Contributors names in brackets after the entries where applicable. All other material researched by myself - Chris.

June. The first ever sprint meeting to be held in Britain was on a public road near Colchester. Obviously it was illegal as, even back then, a public road couldn't be closed off. The local bobby would probably been bribed to make sure it went ahead. It would take another 2 or 3 years before people realised that there were alternatives for sprints such as local council owned seaside promenades and long drives leading to stately homes. (Clive Rooms)


In 1905, the Brighton Motor Week took place on the just resurfaced Madeira Drive with the newly invented Tarmac. It was held over a 4 day period from the 19th-22nd July. Courses of various lengths were used. The fastest cars ran over a flying kilometre course, whilst the slower cars competed over a standing mile. The Fastest Time of the Day over the flying kilometre was 23 seconds recorded by Clifford Earp in his 90hp Napier. Because of a dispute with residents over the cost of the resurfacing, which was £4000, the next event didn't occur until after World War I. (Clive Rooms)


July 14th. The Brighton & Hove Motor Cycle and Light Car Club revived the event with the intention of making it an annual series with riders competing against each other along the sea front. Competitors matched against one another in a series of untimed knockout races over a standing half mile course. (Clive Rooms)


The knockout system that had been introduced the previous year was abandoned due to its unpopularity. Competitors were run in pairs and individually timed over the half mile. Only two such events were held before a ban on motor racing on public roads came into force. (Clive Rooms)


The Sunbeam MCC organised and ran the Gatwick Speed Trials, first held in 1931, over a course measuring 440 yards. It was held on a private road, just off the A23, then the main London to Brighton road, which is now part of Gatwick Airport. (Tony Hodgson, NSA)


The Brighton and Hove club re-introduced, following a break of several years, the Brighton Speed Trials, over a course measuring 1/2 mile. Side by side racing was a feature of the Brighton Speed Trials, (I have a photo in a book showing two riders on the start line in 1936). So beating the Yanks by a good few years! A feature of those early Brighton Sprints was a match race between the fastest bike and the fastest car - Drag Racing in the 1930's? (Tony Hodgson, NSA)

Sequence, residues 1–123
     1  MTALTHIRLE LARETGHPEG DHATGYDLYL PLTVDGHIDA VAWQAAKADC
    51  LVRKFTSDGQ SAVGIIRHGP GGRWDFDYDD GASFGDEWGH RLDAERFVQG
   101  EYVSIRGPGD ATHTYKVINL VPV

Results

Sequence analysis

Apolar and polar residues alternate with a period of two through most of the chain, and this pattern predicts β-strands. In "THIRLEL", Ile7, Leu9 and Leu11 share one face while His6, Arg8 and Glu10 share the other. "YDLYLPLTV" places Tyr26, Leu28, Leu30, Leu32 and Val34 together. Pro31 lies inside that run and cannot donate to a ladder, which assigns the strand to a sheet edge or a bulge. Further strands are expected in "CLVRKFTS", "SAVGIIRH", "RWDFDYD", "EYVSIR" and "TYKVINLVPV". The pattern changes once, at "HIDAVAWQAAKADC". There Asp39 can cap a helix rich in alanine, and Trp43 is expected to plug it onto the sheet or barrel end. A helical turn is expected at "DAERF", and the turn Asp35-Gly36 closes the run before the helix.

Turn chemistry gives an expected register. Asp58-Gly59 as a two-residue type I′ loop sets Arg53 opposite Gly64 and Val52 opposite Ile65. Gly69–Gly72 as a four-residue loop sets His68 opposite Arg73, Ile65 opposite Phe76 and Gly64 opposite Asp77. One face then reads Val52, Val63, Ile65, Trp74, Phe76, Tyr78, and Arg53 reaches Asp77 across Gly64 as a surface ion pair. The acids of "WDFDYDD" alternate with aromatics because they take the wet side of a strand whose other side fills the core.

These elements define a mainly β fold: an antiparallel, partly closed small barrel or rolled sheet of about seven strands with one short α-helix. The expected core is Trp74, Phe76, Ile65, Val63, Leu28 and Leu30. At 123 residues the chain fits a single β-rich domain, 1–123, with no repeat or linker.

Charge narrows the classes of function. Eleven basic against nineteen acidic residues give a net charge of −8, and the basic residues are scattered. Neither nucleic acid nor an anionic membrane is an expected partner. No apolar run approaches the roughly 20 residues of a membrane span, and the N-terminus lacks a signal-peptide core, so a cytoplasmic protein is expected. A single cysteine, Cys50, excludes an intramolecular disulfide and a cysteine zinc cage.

According to the Santa Pod Guide to Drag Racing by Graham Whitehead and Stuart Veitch,  ( Published by Working Books Ltd. ISBN 0 9524346 2 8. ), cars used to race over a standing start quarter mile along the pleasure beach in Blackpool but there is apparently no available evidence to back this up. Can anyone out there find any information to confirm this?


The 92nd Bombardment Group of the US Airforce began flying the first of their missions from Podington Airfield. They flew 274 missions from the site until the end of the war in 1945. Twenty one years later the airfield became Europes first permanent dragstrip, Santa Pod Raceway. To see an aerial photo of the airfield as it looked in 1945 click here. (Bob Jarrett)


Alf Hagon attended his first sprint meeting, at Trent Park, North London, on a 350cc Rudge. (Alf Hagon)


February 18th 1958 The National Sprint Association was formed at the Red Lion pub, Bowling Back Lane, London, after a meeting of straight line enthusiasts. The aim of the club was to further the sport of straight line sprinting and record breaking. Sprinting, over a measured distance, had been around since the early days of motorcycle sport. The traditional Sprints, such as those held at Brighton, Ramsgate, and other seaside venues, were organised by various clubs up and down the country. It was at that momentous meeting at the Red Lion, that some of those club members met and founded the NSA. (Tony Hodgson, NSA)


The Highwaymen Hot Rod and Custom Club was formed by teenagers in the Hayes area of Middlesex. Amoung them was a young Allan Herridge. Allan's dream was to build a Hot Rod and, inspired by his collection of American Hot Rod magazines and the TV show 77 Sunset Strip, they built a Model T rod. Their first project, and possibly Britains first serious attempt at Hot Rodding, appeared this year at the Hayes Carnival although it never actually ran.


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